• The shooting coincided with the annual Jewish pilgrimage that is part of Lag Ba’omer celebration. Thousands of Jews from around the world gather at El-Ghriba synagogue, believed to be the oldest in Africa dating back 2,500 years.
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  • Djerba’s Jewish population is one of North Africa’s biggest, although in recent years it declined to 1,500, down from 100,000 in the 1960s
  • Tunisia and Israel do not have formal diplomatic relations, but Israelis can apply for a visa to travel to Djerba for the pilgrimage.
  • During his electoral campaign in 2019, Saied, who has since cemented his one-man rule, labeled normalization with Israel “high treason.”
Ed Webb

The Death of Syria's Mystery Woman - New Lines Magazine - 0 views

  • since the early 2000s, when Bashar al-Assad came to power and loosened the country’s restrictions on private schools and colleges, educational institutions run or influenced by the Qubaysiyat have become ubiquitous in Syria
  • franchises across the Middle East and even as far afield as Europe and the Americas
  • family members who have watched wives, mothers, sisters or daughters burrow deeper into the organization do occasionally complain openly about the group’s peculiar ideas and practices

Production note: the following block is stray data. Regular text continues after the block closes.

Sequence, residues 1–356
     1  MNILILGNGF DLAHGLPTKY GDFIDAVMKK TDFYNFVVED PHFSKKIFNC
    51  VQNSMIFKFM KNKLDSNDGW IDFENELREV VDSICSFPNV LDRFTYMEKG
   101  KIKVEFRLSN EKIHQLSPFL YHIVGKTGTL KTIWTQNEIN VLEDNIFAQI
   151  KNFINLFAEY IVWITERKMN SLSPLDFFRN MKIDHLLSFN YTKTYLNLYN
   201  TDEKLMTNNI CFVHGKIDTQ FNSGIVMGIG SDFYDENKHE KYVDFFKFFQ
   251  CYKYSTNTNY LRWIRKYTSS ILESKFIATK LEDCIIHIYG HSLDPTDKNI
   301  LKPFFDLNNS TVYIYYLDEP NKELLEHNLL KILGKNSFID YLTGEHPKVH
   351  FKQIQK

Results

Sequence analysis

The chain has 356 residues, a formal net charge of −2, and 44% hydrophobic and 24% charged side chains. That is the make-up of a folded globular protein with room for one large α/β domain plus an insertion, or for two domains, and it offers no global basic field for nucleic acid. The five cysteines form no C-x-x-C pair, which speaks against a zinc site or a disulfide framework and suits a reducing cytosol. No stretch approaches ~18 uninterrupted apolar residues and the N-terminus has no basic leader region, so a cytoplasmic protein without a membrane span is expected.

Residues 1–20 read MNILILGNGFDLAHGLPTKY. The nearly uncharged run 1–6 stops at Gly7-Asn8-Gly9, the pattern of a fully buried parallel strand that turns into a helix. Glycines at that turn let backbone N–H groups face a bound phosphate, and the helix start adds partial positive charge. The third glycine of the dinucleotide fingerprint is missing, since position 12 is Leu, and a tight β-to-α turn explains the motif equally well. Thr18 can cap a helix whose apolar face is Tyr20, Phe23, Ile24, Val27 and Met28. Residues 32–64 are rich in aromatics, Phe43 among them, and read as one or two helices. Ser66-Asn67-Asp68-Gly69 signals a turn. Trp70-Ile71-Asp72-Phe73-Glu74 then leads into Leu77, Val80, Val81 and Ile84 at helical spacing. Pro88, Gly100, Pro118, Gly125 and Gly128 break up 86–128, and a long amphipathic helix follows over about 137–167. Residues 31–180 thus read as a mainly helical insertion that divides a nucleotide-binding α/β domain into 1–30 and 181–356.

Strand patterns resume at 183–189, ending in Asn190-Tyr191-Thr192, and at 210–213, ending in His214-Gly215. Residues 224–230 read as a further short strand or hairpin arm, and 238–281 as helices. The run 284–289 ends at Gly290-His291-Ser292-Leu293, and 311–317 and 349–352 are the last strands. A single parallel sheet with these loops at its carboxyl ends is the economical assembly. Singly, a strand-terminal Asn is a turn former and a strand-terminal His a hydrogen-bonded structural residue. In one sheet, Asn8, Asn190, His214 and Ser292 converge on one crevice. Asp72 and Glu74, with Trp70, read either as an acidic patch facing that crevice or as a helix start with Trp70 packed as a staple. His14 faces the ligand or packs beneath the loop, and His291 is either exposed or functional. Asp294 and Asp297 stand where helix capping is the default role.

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  • hybrid hierarchical structure
  • By the early 1980s, just before members of the Muslim Brotherhood and other anti-government Islamist groups went into exile following a failed uprising against then-President Hafez al-Assad, it was commonly said that almost every conservative woman in Damascus was either a disciple of the Qubaysiyat, attended their classes occasionally or at the very least admired them. The group had sunk deeper roots into Syrian society than many who had chosen to challenge the regime directly. Today, the knotted veil and loose dress of the Qubaysiyat have become symbolic of urban Damascene culture as a whole.“When my 20-something-year-old daughter comes home one day wearing the hijab, and slowly grows more religious, how can I, her mother, not wear a hijab also?” recalled one Damascene whose entire family converted from secularists to observant Muslims after their daughter joined the Qubaysiyat.
  • For many supporters of the Syrian revolution, the group was tarnished by the decision in the early years of the uprising by leaders of the Qubaysiyat to be photographed meeting with Assad. The organization itself has exhibited fractures amid the pressure of a conflict that has impacted every sector of Syrian society, with divisions emerging among rank-and-file members over how to respond to the cataclysm of the war and their own leaders’ pragmatic relationship with the Syrian regime.
  • Al-Qubaysi never made public appearances or spoke directly to the press
  • unusually for women in a deeply conservative society, al-Qubaysi (like many of her group’s leadership) never married — devoting her entire life instead to the cause of women’s education.